Day 25 (December 3, 2017 – Los Angeles, California): “Ironies A Plenty”
Julie and I both awoke at 4:20am. It wasn’t a good sign that we could hear the rain outside. So it must be coming down hard.
We then spent the next hour eatin the rest of our consumable goods like the Greek yogurt, the bottle of kefir, strawberries, blueberries, leftover wannabe kimchee, and as much water as we could drink. We still wound up leaving behind a pretty solid 5L of water (so whatever savings we thought we were getting was more than offset by the waste) as well as some bottles of apple cider vinegar, olive oil, and pepper. We also left behind celeries that we knew couldn’t be consumed as they were meant for cooking with chicken soup when Julie wasn’t well.
By about 5:20am, we loaded up the car. I actually had to run out in the pouring rain then get the car and drive it right up to the sheltered tunnel right in front of the reception entrance. I then quickly loaded everything up except the GPS stuff, and when Julie was done checking out, we were out the door and into the dark.
By 5:30am, we made it to the Launceston Airport. I was concerned that the fuel gauge on the vehicle started to move away from the “F”. I thought I had topped up yesterday, but apparently the nozzle might have given me the all-full pop a little prematurely. I wondered how much Avis will charge me for that last bit of fuel?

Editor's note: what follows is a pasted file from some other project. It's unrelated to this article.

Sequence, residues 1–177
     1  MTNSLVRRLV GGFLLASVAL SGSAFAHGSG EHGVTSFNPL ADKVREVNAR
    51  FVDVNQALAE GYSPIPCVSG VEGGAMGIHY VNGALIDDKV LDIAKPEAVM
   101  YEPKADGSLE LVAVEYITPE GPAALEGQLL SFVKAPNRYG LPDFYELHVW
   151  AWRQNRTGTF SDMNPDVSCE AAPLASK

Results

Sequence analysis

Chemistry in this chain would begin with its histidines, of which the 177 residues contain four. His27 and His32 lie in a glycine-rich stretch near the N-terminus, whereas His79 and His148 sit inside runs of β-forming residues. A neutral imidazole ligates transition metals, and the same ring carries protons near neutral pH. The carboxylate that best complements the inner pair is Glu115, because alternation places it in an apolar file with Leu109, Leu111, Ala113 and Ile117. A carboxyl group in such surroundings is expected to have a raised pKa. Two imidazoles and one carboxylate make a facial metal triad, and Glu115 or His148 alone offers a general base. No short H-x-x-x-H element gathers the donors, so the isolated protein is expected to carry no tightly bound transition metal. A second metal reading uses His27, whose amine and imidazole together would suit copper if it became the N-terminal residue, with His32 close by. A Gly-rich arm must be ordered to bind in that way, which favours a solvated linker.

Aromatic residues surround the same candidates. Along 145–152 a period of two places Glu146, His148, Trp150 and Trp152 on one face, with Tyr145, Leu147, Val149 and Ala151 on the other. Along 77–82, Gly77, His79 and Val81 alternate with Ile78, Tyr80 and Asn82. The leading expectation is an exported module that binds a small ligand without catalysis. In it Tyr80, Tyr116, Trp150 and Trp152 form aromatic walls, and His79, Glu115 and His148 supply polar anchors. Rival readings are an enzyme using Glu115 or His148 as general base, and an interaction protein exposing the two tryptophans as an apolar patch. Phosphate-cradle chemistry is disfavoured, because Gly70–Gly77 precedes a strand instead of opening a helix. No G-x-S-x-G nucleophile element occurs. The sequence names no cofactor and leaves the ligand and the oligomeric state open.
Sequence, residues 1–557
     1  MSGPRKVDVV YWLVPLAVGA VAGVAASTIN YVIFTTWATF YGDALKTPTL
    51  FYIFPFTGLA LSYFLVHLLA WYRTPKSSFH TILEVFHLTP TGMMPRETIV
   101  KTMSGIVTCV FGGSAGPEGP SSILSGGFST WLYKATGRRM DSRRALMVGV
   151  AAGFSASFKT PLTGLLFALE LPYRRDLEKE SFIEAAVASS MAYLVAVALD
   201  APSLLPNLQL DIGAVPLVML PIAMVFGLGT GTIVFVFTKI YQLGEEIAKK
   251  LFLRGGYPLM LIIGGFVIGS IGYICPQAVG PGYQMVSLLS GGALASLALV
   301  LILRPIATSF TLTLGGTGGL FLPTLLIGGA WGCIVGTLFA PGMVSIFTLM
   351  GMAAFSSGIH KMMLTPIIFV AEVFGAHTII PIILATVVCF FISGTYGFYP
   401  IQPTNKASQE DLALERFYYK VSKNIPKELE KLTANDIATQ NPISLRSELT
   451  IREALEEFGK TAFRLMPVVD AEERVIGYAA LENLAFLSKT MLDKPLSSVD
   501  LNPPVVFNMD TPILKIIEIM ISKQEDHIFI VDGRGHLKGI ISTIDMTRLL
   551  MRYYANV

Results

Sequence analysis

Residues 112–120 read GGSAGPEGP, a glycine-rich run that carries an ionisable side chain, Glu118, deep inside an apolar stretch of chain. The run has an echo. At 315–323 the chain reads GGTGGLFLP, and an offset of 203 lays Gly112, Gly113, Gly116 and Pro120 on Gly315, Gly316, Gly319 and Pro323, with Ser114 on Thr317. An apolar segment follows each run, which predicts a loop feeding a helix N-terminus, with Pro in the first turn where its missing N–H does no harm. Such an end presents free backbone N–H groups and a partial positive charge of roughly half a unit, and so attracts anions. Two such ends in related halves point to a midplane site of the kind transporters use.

Anyways, once we parked the car, we quickly emptied out the car and braved the rain for a couple of minutes before getting under the shelter. At that point, we both frequently used the toilets as we thought we had to drink up most of the water we brought with us (though I kept one of the two 1L bottles full on my pack).
I had recalled that domestic airlines in Australia seemed to be more laxed about getting through security with water. And sure enough by 6:15am, when we got through the security, the 1L bottle was still intact and with us. So I sacrificed my bladder for nothing.
With boarding passes in hand and baggages already checked through to LAX, we were told that our flight was still scheduled to be on time. The signs even said under the Gate column “RELAX” as we waited for the gate corresponding to our flight, which was eventually at gate 1.
The plane was there at the gate, and despite the foul weather outside (the same system that produced flash flooding throughout Central, Northeastern, and Eastern Victoria), apparently they saw no reason to delay.
The plane eventually took off at about 7:10am, which was just past the 7am scheduled departure. Julie conceded with me that it was wise to take the first flight out to at least avoid any contingency delays from flights that had to come before. The price paid for this however was the minimal sleep we had last night (on the order of four hours or less).
When the plane landed at the Melbourne International Airport at around 8:20am, my bladder was about to explode. So once we finally de-planed, we made a beeline for the restrooms. Then, we walked over to the International Terminal T2, where there were a lot more people (mostly Asians in large groups it appeared) where we were guided through to security, where we had to drink up the rest of our water (again) as this time we couldn’t get that through security.